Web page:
Where Is God?

The state of Tennessee was shocked yesterday morning to learn that a fourteen-year-old boy stepped on a school bus in front of his rural home, pulled a handgun and shot four rounds into the body of the female bus driver; a woman who, by all accounts was a compassionate, caring person.

One
young man managed to steer the rolling bus into a pole to prevent even further
physical risk to the children on the bus, who had just been traumatized by
seeing murder close up and personal. The children cared for each other, exited
through the back of the bus, as they had been trained to do in emergency drills,
and got to a telephone to call
authorities.

The full story has not
yet emerged, but it appears the boy was angry because the bus driver had earlier
argued with him about using snuff while on the
bus.

It’s a sad story with many
deeply human issues.

I watched the
evening news last night with a sinking sense of frustration. A local pastor,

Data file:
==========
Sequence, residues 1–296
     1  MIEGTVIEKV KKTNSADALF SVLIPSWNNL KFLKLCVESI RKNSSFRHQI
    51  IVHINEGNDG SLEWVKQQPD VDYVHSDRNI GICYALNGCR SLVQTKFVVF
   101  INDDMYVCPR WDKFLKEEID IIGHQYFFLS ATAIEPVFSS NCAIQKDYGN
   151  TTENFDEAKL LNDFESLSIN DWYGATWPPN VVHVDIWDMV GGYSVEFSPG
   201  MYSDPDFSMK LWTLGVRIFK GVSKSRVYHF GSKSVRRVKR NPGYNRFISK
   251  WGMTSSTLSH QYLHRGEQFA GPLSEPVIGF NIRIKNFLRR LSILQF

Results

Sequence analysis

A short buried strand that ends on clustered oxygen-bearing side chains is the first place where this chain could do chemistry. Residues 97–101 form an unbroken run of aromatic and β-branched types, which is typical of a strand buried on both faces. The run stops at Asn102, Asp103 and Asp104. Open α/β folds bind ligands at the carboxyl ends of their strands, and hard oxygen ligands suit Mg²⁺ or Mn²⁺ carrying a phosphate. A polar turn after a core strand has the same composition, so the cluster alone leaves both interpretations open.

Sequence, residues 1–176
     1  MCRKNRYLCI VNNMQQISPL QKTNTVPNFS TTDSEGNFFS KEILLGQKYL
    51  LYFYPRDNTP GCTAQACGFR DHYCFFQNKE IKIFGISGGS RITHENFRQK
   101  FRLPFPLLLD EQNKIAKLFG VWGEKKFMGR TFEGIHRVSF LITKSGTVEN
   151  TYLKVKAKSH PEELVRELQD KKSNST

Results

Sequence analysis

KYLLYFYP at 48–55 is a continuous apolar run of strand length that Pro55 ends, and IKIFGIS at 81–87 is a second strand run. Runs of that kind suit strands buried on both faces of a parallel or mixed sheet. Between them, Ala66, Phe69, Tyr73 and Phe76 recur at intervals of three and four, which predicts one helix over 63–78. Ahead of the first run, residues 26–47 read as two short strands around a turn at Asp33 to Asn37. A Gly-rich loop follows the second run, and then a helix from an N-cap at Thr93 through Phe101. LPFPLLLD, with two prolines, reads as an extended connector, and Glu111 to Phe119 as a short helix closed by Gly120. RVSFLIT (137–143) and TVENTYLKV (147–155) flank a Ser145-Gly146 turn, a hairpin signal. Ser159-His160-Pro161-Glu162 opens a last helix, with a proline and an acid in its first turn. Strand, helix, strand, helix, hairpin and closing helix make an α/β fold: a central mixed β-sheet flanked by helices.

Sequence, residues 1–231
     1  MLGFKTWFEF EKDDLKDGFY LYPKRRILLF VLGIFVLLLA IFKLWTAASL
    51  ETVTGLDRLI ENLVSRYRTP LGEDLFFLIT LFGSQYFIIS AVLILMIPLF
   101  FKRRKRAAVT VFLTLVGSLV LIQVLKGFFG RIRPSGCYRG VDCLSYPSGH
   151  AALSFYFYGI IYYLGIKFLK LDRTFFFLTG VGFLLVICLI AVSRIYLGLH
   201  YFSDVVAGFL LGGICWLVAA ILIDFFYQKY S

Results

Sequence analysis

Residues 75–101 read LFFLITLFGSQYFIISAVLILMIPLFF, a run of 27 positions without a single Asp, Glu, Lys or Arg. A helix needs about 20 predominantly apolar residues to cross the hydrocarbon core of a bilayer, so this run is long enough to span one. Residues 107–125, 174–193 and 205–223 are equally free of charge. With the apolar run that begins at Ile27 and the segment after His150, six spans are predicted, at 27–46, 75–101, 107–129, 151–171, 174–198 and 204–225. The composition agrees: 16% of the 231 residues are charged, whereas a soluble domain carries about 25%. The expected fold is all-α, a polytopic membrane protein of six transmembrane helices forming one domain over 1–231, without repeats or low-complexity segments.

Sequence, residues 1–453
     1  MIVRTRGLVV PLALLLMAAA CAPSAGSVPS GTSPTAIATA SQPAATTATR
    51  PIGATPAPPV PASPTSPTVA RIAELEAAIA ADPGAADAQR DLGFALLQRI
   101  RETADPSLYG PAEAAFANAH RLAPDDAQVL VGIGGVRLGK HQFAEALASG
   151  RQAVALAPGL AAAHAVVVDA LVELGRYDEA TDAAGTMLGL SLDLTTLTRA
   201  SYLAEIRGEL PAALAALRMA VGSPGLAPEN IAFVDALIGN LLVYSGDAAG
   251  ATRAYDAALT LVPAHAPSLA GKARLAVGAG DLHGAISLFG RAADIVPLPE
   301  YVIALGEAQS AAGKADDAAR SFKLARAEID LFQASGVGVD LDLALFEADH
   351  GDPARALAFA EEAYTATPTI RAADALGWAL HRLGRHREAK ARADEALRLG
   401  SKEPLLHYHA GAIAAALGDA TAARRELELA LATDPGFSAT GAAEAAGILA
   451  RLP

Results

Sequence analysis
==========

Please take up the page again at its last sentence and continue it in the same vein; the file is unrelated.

doing his best to come to grips with this terrible tragedy, attributed the
actions of the young man to God. God chose this moment to “call home” the bus
driver and he used the young man as his instrument to accomplish the
homecoming.

Clearly, the pastor
said, we cannot know or understand God’s purpose. We can only believe that in
God’s time all things work toward
good.

I want to be as kind to this
pastor as possible, but I doubt that it is of much comfort to the families whose
lives have been so deeply damaged to attribute homicide to
God.

We struggle with the meaning of
evil in the world. We seek to find God in the midst of despair. Recently, I
was part of an on-going conversation about the place of God in the tsunami
tragedy.

I believe the questions
are not only perplexing, they are beyond answer. The most I can do is follow
the biblical messages that say we are closest to God when we are at our most
vulnerable and exposed condition. Surely, tragedies such as this put us in that
condition.

But to attribute them to
God is to take a road I cannot take. The challenge is to find the presence of
God in the tragedy, not to desperately explain the tragedy as an act of God.

It’s in the healing, the comforting
and the supporting of each other in the pain that I believe God is manifest.
When life is turned upside down and we can’t find good answers, perhaps this is
enough. God is with us in our suffering.

Join the conversation!

Post a reply in the form below.

Leave a Reply:

Gravatar Image